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$565K Edgewood Modern is a Squatter House No Longer

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During construction, the home was wrapped in a painted mural of zen, which beats plywood

This modern-style renovation on a corner lot in Edgewood looks nothing like the squatter-occupied, 1940s tract home it used to be. The team behind the project says it represents a mission accomplished — and one that emanates good vibes.

Lording over Hosea Williams Drive, just east of Moreland Avenue, the expanded residence now offers four bedrooms, three bathrooms, and 2,600 square feet, with stained concrete floors, a soaring back patio, ceilings vaulted like Gumby's head, and unique custom touches throughout (see the stairwell). It listed a few days ago at $565,000.

It's the work of Urban Purpose, a company founded two and 1/2 years ago that now has some 20 projects around town nearing completion or hitting the market soon, officials tell Curbed.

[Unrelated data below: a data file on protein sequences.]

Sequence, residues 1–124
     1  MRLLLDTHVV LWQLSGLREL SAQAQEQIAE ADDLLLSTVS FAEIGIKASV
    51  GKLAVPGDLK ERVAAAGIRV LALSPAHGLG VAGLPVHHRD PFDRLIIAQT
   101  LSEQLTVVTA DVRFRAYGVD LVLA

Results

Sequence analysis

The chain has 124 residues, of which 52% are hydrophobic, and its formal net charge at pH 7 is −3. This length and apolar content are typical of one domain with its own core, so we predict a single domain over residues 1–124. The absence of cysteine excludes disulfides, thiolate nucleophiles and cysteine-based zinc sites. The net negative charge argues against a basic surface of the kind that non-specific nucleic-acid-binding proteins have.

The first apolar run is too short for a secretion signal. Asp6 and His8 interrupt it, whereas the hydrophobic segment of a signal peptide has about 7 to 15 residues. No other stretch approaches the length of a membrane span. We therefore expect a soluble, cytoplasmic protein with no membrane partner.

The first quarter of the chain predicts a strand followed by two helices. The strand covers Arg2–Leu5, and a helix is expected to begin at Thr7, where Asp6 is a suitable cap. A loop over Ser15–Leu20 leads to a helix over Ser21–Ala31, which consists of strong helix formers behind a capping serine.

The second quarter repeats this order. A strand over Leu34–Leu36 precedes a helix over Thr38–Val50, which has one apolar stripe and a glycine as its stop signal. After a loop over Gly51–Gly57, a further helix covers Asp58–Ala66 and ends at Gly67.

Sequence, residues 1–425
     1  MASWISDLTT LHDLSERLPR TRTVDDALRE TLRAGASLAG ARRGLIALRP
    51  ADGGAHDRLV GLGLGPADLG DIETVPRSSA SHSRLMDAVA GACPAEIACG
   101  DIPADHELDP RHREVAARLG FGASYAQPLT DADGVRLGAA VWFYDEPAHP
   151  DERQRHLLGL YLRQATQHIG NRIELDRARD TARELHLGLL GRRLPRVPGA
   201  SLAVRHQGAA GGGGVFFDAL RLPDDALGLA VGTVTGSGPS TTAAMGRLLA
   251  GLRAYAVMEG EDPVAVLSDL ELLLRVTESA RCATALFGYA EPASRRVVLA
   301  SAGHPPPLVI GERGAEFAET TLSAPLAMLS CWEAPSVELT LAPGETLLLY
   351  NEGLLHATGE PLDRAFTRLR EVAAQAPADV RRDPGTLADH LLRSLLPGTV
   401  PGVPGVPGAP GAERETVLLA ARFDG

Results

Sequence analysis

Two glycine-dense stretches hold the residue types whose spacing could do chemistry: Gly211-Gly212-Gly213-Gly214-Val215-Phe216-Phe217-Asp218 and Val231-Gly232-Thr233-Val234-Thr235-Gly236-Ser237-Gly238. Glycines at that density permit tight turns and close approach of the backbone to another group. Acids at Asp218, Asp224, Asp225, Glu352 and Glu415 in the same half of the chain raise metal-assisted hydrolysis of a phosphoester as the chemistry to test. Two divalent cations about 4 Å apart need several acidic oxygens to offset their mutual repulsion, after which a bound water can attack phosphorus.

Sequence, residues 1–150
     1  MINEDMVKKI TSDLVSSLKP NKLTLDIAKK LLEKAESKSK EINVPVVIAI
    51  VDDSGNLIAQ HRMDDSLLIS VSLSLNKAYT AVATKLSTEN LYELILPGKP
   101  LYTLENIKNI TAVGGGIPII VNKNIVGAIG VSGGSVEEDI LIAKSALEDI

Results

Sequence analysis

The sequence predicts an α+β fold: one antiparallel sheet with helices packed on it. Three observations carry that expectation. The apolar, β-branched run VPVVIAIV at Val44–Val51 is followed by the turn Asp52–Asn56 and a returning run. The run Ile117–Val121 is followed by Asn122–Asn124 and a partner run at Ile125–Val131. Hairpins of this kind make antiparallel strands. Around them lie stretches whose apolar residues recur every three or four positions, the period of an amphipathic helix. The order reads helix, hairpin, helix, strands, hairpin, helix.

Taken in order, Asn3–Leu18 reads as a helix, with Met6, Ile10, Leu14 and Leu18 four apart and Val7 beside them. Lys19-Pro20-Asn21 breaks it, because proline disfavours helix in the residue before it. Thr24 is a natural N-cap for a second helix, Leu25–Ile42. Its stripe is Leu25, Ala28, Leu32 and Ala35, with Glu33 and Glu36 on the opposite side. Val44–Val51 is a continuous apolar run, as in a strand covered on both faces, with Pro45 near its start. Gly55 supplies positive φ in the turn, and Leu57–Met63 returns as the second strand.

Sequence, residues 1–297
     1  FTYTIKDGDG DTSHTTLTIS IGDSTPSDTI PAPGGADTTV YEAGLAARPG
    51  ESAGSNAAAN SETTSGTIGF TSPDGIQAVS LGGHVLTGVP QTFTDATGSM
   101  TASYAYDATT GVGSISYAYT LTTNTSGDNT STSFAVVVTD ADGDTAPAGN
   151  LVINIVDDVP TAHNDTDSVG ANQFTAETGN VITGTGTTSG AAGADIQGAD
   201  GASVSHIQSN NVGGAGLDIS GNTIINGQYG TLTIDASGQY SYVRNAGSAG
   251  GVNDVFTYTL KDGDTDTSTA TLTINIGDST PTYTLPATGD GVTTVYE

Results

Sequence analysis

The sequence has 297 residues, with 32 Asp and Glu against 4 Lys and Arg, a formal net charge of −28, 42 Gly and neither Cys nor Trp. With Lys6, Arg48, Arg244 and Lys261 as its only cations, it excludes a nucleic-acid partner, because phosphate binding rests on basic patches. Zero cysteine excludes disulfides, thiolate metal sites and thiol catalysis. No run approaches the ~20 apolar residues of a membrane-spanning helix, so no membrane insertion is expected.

David Hauser, Urban Purpose Design principal and cofounder, said the concept of the Hosea project is "Emergence," in that the end result uplifts a prominent corner of a key Edgewood thoroughfare.

Builders incorporated as much of the existing home into the new structure as possible, Hauser said. "We demolished existing patios and used the crushed concrete from these patios as retaining walls," Hauser wrote in an email. "We offered the former roof structure (pine 2 by 10s) on Craigslist for pickup in hope of reuse. We employed local artisans for the custom details and project labor and management."

The project even leans on a metaphor — the lotus.

"During construction, we had a mural artist, Shaylen Broughton, paint a lotus mural on the home as part of the urban uplift and beautification while in the ugly 'under construction' phase," said Hauser. "A microcosm of this emergence is found in the back yard of the home, where a rotten oak tree needed to be taken down. Once this tree was down, all that was left was a hollow stump ... rather than demolish the stump, we are using [it] as a planter, housing a maple that will grow and mature with the home ... as this neighborhood flourishes, so with the maple."

Which begs the question: Could construction-phase house murals become a thing around Atlanta?